The History of Kangaroos
An iconic sneaker brand who have shaped sporting history, today the authenticity of KangaROOS remains untouched.
Competing in a 6.2-mile foot race near his weekend retreat at Camp David in 1979, Jimmy Carter, the 39th President of the United States started to wobble. Sparking fears of a sinister health attack he was assisted from the course by Secret Service agents. Fortunately, any serious medical concerns were quashed when he gave a thumbs-up to the crowd at the awards ceremony. Famously photographed a year earlier jogging on the South Lawn of the White House, Carter symbolised the burgeoning jogging phenomenon in the United States. Less about competition, the emerging fitness cult of the late ‘70s focused more on recreational exercise. Well-being was tantamount to outfits and sex appeal, which created this arms race to provide running accoutrements that were both infinitely cool, and technologically adept. If Nike revolutionized the performance aspect of a running shoe with the invention of the Air Tailwind model – a year later in 1979 KangaROOS transformed its practicality credentials. Facing a dilemma of where to put his keys, American architect and jogging enthusiast, Bob Gamm proposed the extraordinary idea to develop a sneaker with a small zippered-pocket. Released in 1979, the ultra-light Combat model could safely stash a locker key and coins. Gamm came up with the name KangaROOS for his line, because the kangaroo jumps 25 feet per step whilst running. It never looks back, only forward and it has a pocket.
Gamm’s timing couldn’t have been any better. Not only was the American sports scene exploding, but in 1980 American Olympian Bill Rodgers broke his own record to win his third Boston Marathon in a pair of KangaROOS Combats. A legion of followers arrived overnight – and by the fourth quarter of the year, 700,000 pairs were being sold per month. Almost immediately, KangaROOS were put in the bracket of the top five performance brands in the United States. President Reagan entered the political fray in 1981 with a heady cocktail of laissez-faire economics and whopping corporate tax cuts. However, after discovering KangaROOS at a trade fair in New York, German shoe entrepreneur Bernd Hummel, would become more significant to KangaROOS than Reagan’s policies. With an innovative mind and centrally located headquarters in Pirmasens, Germany, Hummel became a licensee, thus cleverly positioning the brand and boosting its presence in Europe.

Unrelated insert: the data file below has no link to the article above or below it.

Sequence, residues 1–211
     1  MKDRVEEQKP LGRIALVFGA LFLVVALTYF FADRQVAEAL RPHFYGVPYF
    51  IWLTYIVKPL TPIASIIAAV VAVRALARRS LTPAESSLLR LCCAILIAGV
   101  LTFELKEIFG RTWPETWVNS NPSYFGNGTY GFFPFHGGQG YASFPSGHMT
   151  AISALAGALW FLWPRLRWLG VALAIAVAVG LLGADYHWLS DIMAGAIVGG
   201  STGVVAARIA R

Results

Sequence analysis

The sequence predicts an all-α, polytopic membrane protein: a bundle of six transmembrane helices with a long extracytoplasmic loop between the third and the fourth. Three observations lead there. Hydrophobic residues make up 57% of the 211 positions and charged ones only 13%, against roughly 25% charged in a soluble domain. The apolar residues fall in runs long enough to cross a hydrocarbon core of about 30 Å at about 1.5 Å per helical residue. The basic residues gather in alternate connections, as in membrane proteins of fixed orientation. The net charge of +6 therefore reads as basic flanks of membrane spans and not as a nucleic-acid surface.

Gamm understood that groundbreaking technological advancements were necessary to keep up with competitors. And he didn’t hold back. At the University of Illinois, he installed a 10,000 square meter testing facility, dedicated to exploring new footwear technologies. After consulting with NASA engineers, the brand developed ‘Dynacoil’ – a 3D woven coil fabric; essentially the patented KangaROOS rival to Nike’s Air and ASICS’ GEL technology. Lauded by running magazines and die-hard joggers, Dynacoil was a major technological coup. And KangaROOS used the momentum and positive press to branch out into a slightly wider array of sports. Hockey, baseball and American football all fitted into their remit. Their high-top Skywalker shoe ticked all the basketball boxes, with Clyde Drexler of the Portland Trailblazers a noteworthy endorser. A different model was specially designed to sponsor NFL legend Walter Payton, who Gamm famously bought a new Lamborghini. So far, the sprint to success hadn’t met any major obstacles. However, Gamm, the design visionary began to distance himself from the firm in the late ‘80s. He then sold the firm to a California-based investor group who targeted greater market share in a wider variety of sports. They even signed an advertising campaign with the World Wrestling Federation. Despite the U.S. running team being shod in designs from KangaROOS at the 1992 Barcelona Olympics, Hummel recognized that moving too far away from its core market would hurt the brand. It became a blurry period, yet Hummel reclaimed the design, marketing and distribution arms of the business, and relaunched in 2009. For the 30th anniversary, he ushered in a comeback of classic styles like the Omnicoil, Skywalker and Blaze models in small production runs. Two years later, Gamm sadly passed away. He was later honoured with 91 pairs of a special limited edition style of his favourite KangaROOS model, Blaze.
Thanks to Hummel who has been involved with the firm since 1981, KangaROOS remains a beacon of sporting heritage. Not only are the original aesthetics the cynosure of all eyes, but the wearer benefits from sui generis sneaker manufacturing. Made in Germany at an old shoe factory, each model is handcrafted by skilled custodians in premium materials. When we launched our first pioneering pre-made cocktail, the Negroni No. 1, we declared that it was the beginning of the transformation of the Negroni into a global men’s lifestyle brand and culture. So with only a few months having passed, we’re delighted to alert the Negroni community, that we have joined forces with KangaROOS to create a Negroni sneaker. Behind the scenes a lot of hard work has gone into producing this game-changing sneaker, which we can now advise will be launching very soon…